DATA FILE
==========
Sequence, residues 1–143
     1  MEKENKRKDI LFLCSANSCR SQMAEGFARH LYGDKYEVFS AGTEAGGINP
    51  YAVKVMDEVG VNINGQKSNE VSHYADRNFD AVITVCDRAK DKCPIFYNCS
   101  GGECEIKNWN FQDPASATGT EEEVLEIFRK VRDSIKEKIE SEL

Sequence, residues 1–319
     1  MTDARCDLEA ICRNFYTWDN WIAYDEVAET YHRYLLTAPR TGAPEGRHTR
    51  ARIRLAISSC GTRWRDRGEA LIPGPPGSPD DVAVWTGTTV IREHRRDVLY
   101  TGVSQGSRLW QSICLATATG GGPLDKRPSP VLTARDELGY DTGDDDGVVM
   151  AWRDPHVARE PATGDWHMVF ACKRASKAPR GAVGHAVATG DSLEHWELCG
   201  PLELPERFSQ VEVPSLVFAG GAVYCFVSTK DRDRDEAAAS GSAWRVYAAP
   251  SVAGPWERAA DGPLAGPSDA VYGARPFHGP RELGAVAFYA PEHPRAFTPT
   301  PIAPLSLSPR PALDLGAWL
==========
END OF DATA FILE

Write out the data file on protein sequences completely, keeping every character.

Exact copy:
Sequence, residues 1–143
     1  MEKENKRKDI LFLCSANSCR SQMAEGFARH LYGDKYEVFS AGTEAGGINP
    51  YAVKVMDEVG VNINGQKSNE VSHYADRNFD AVITVCDRAK DKCPIFYNCS
   101  GGECEIKNWN FQDPASATGT EEEVLEIFRK VRDSIKEKIE SEL

Sequence, residues 1–319
     1  MTDARCDLEA ICRNFYTWDN WIAYDEVAET YHRYLLTAPR TGAPEGRHTR
    51  ARIRLAISSC GTRWRDRGEA LIPGPPGSPD DVAVWTGTTV IREHRRDVLY
   101  TGVSQGSRLW QSICLATATG GGPLDKRPSP VLTARDELGY DTGDDDGVVM
   151  AWRDPHVARE PATGDWHMVF ACKRASKAPR GAVGHAVATG DSLEHWELCG
   201  PLELPERFSQ VEVPSLVFAG GAVYCFVSTK DRDRDEAAAS GSAWRVYAAP
   251  SVAGPWERAA DGPLAGPSDA VYGARPFHGP RELGAVAFYA PEHPRAFTPT
   301  PIAPLSLSPR PALDLGAWL